Szasz and his interlocutors: Reconsidering Thomas Szasz's "myth of mental illness" thesis

Abstract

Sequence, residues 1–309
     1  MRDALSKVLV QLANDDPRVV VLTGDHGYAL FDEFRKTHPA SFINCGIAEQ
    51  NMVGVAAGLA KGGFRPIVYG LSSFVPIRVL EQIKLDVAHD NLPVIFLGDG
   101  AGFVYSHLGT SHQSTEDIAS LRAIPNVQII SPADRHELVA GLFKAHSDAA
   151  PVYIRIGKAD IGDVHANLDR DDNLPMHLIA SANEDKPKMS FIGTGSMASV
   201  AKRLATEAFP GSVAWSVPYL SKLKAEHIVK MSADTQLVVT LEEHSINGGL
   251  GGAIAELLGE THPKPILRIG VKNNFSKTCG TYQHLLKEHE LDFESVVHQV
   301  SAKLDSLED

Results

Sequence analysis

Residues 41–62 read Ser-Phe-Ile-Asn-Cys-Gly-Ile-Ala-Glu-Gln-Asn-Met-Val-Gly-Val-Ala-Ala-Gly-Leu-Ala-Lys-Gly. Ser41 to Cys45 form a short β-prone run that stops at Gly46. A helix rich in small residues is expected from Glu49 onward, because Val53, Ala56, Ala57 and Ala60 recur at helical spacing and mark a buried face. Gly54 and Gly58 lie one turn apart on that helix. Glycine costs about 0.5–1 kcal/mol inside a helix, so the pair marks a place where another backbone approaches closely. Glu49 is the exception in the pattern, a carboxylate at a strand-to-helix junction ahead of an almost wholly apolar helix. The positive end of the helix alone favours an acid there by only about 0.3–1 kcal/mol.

It is a matter of some irony that psychiatry's most trenchant critic for over four decades is himself a psychiatrist. I refer to Thomas S. Szasz. Szasz's core thesis may be succinctly rendered: mental illness is a “myth”, a “metaphor” which serves only to obscure the social and ethical “problems in living” we face as human beings. This paper reconsiders the conceptual bases of Szasz's assault on psychiatry and assesses recent counter-arguments of his critical interlocutors. It presents a defence of the Szaszian conception and emphasises the continuing relevance of his earliest work. Additionally, the paper discusses Szasz's thesis in light of the work of the influential French philosopher of medicine, Georges Canguilhem
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